So let's take that apart and shuffle the bits around.
  • Real estate agents and brokers can help you in this regard and allow you to buy the best property in Fort Myers.
  • Exposure to the sun’s ultraviolet (UV) rays can increase the risk for skin cancer.
  • Logging onto the net and hiring one of these lovely ladies will surely make your marriage more adventurous and exciting.
  • You may want to sort them out based on what you want for each page and categorize them.
  • Plus, she generously provides free baby shower party games activities and baby shower party supplies.
It practically writes itself, doesn't it?
  1. Michael and Melisa Snead (names culled from various spammed comments) have lived in Ft. Myers, Florida, for most of their married life. Neither one would claim to be happy, exactly, but "miserable" is too strong a word for their marriage. Then Melisa comes home from the doctor with bad news: those freckles she's developed all over her face and arms aren't freckles; they're cancer.
  2. At first, Michael and Melisa grow closer. Then, as she's more involved with her treatment and support group, and her freckles grow in spite of all treatment, Michael begins to look for distraction online.
  3. One day, Michael is at work and Melisa's laptop is unavailable for some reason, and she uses his, finding his folders of women, which he has labeled as if they were women he was looking to hire to help Melisa out and sorting into tasks: Housekeeper, Companion, Cook. Melisa, worn out with Michael's procrastination, picks one and hires her.
  4. The woman, Florene Bronson, shows up. Something about baby showers. Plug something into the earlier stuff to make baby showers necessary.
  5. Wrap it up. The end.
Yeah, okay, so that's started. Well begun is almost done, eh? Now I just have to decide if I want this story to be fantasy, science fiction, or horror. May need to write my way into it before I know. Or it may turn out to be a romance or so-called literary story, dammit. But that's how you pull a story out of your thin air.


MA

Sunday, January 18, 2015

Guess Who Prefers Reading Print Books?

Do you remember the glory days of 2009 and 2010, when surveys and blogs predicted that the e-book revolution would overtake print books in the not too distant future? I remember discussing stats that showed a 160% jump in the number of seniors who’d quickly adopted e-books because they were cheaper, took up less space, and print size was easily adjusted.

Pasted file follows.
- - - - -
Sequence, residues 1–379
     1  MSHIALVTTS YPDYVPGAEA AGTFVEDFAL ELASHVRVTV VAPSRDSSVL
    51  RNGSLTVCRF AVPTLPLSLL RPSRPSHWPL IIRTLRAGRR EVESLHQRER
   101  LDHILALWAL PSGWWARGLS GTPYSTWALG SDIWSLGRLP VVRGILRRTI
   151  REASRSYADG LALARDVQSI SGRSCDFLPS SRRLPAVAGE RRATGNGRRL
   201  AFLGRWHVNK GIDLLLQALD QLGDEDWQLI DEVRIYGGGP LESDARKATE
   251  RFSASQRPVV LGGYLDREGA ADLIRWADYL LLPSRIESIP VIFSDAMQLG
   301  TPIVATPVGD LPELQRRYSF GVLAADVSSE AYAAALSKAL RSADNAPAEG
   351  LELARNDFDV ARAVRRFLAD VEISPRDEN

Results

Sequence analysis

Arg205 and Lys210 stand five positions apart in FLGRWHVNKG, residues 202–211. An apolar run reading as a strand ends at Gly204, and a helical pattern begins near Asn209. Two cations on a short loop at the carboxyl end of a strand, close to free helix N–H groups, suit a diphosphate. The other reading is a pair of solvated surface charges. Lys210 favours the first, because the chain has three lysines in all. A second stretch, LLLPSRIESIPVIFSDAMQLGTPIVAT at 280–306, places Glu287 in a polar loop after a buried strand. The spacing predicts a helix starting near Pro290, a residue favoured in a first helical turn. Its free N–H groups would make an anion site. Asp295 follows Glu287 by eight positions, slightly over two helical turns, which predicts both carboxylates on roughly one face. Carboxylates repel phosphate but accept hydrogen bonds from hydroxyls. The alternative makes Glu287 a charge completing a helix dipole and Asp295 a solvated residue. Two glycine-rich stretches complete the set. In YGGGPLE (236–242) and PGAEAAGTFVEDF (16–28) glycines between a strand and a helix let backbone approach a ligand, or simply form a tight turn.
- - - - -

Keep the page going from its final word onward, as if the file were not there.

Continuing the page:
In 2013, the stats started to change. The rise had become less dramatic and cautionary articles were appearing. One indicated that a third of those who tried an e-reader put them in a drawer and never went back. Meanwhile, e-book sales slowed a little more. Not that e-books weren’t gaining ground, just not at the anticipated rate.

In 2014, I read articles and studies which revealed that readers didn’t retain as much from e-books as they did print, and that print books might have a useful purpose. In fact, some articles and blogs maintained that print could happily coexist with e-books.

So, you might not be surprised by this recent article and interview in New Republic, which states that a whopping 92% of university students preferred print books to e-books. And this is the younger generation, folks, the ones who grew up with iPads and mice in their little hands. So, what’s going on?

Apparently, a survey of 300 university students in four different countries found an overwhelming preference for print books, especially when it came to reading and comprehending school-related material rather than a light novel. Students felt that they could understand the texts better if they were reading them in print. The reasons were varied. Some found themselves too distracted with electronic devices. Others didn’t like the fact that batteries died. There were also complaints of eyestrain and even more trivial complaints that the reader couldn’t remember the author’s name or how many pages were left in the book.